Mr. President: Early Education Will Make America Great Again

Mi'leyah in front of the flag


Dear President Trump,

A young mother contacted me recently, asking if I could suggest a program that would help her kindergarten son with his letters and pronunciation. She lives in a poor, rural state, and there was no nearby preschool her son could attend.

I regularly hear from parents like her. Their kids can’t attend preschool because it is too expensive, or because child care and other early learning programs are not available, or there is a long waiting list. It is particularly difficult for working parents who are often forced to make hard choices.

One mom expressed her dilemma this way:

“Do I leave my job and lose my income because there is no good child care available? Or do I leave my child in what I am afraid is not a safe or a quality environment?”

In many cases, even if expense is not an issue, quality care is not available.

In my own family, my daughter discovered that her three-month-old baby was being left in her car seat all day at day care. She removed her child from that family day care home and missed several days of work before she could find a child care setting where she felt comfortable leaving her infant. She continued to worry about the baby when she was working, after having had such a bad experience the first time.

We all know that the best investment that we can make is in our children; they are our future. Early learning is a bipartisan issue that both Republicans and Democrats can get behind.

I hope that you, President Trump, and your daughter Ivanka will follow through on your promise to expand quality child care and early childhood learning programs in general.

I hope your new administration will recognize and support the need for early childhood services, beginning at birth. Research clearly shows that starting early produces the best results, and that brain development is the greatest during the first three years of life.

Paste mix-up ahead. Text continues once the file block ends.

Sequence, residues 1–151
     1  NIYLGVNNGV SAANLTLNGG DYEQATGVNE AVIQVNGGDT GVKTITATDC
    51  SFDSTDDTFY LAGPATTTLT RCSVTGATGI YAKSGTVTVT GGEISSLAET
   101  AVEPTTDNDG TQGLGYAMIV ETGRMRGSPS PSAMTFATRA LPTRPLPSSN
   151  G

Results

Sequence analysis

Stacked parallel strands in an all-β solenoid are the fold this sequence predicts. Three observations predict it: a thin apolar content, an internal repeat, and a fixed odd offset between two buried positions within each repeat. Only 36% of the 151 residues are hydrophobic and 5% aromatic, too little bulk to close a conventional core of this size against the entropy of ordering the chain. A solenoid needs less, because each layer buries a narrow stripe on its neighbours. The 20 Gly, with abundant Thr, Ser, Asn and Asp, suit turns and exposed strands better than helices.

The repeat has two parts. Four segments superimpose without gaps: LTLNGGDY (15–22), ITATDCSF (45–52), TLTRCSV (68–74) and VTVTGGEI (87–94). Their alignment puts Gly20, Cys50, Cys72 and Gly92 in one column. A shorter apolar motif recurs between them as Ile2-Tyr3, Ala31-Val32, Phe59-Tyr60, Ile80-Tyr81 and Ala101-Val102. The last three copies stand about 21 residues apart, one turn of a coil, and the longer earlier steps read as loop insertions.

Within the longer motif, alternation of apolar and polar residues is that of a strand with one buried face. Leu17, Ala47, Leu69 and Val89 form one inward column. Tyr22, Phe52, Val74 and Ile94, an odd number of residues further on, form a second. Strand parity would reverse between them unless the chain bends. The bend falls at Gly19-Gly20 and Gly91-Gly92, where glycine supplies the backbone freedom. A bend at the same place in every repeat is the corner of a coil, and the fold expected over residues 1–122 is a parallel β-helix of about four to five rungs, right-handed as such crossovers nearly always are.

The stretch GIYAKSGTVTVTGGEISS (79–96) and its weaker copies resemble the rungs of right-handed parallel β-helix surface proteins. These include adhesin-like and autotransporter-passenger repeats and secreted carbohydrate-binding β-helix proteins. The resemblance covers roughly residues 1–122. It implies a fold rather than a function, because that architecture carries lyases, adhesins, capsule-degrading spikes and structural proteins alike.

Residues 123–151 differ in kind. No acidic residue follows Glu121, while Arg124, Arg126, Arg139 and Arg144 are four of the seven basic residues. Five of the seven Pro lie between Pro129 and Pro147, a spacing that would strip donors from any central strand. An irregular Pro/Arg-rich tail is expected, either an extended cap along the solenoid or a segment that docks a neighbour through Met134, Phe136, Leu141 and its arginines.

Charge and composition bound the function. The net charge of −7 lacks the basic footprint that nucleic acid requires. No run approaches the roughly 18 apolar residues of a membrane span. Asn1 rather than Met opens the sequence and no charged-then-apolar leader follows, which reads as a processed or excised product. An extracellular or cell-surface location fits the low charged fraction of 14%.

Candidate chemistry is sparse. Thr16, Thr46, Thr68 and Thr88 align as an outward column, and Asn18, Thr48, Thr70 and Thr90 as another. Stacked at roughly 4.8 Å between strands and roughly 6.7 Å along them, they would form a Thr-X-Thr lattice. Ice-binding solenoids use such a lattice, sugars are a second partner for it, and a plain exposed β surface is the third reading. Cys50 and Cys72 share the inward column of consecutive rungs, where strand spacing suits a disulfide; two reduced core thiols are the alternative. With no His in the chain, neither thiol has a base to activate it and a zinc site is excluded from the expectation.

I hope that there will be a focus in your new administration on making affordable, quality child care for disadvantaged families a priority. Fewer than half of low-income children in the U.S. have access to quality early learning programs today. There are more than 13 million children from birth to the age of five who need child care services. Tax credits are helpful for families who pay taxes, but many low-income families who do not earn enough to pay taxes cannot benefit from tax credits.

I hope that two-generational, comprehensive programs that include parenting education and workforce development for parents are part of the new administration’s approach to supporting our most vulnerable families. The federal Early Head Start/Head Start Program is a longstanding and respected model that includes health, nutrition, parent training and support services. Unfortunately, at the current funding level, Head Start is able to only serve half of the eligible three- and four-year-olds, and six percent of eligible infants and toddlers.

There are major gaps in the quality and affordability of early childhood and child care programs across the country.

What are the causes of some of the gaps?

We do not have a national, highly skilled workforce of early childhood educators, particularly for children ages birth to three. In part, this is because many places offer little more than minimum wage to child care and early childhood providers, significantly below the average salary for elementary school teachers. Given the low pay, early childhood education is not a popular career path and many colleges do not offer degrees in early childhood.

Without a qualified workforce, we don’t have enough high-quality instruction and programs in the field of early education. Without ongoing professional development for teachers, we aren’t focusing enough on curriculum and developmental approaches such as early math, cultural responsiveness and second language acquisition. And we need to better serve children with special needs.

Do we as a nation believe in equal opportunity? If so, early childhood is the foundation that builds equal opportunity. It is an avenue out of poverty.

Mr. President, I hope that your administration and Congress will design, improve and support public policies that make early childhood development a high priority. I hope that there will be a bipartisan approach to make early childhood services affordable, accessible and of high quality for all of our children.

It is the American way. Education has always been our path to success.

With hope,
Judie Jerald

Inspired by Judie’s letter? Sign the Petition: President-Elect Trump, Make Early Education Part of Your First 100 Days Agenda

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Judie Jerald is the Senior Early Childhood Advisor for Save the Children Action Network. Before joining SCAN in January 2016, she served as the Early Childhood Senior Director for U.S. Programs at Save the Children, where she designed and directed the home-based Early Steps to School Success, a signature program for Save the Children that operates in 14 states. Before joining, Judie served as the National Director of the Early Head Start Program. Previous to that, she was the founder and director of Early Education Services, an umbrella agency that provides comprehensive services to young children and their families throughout Windham County, Vermont.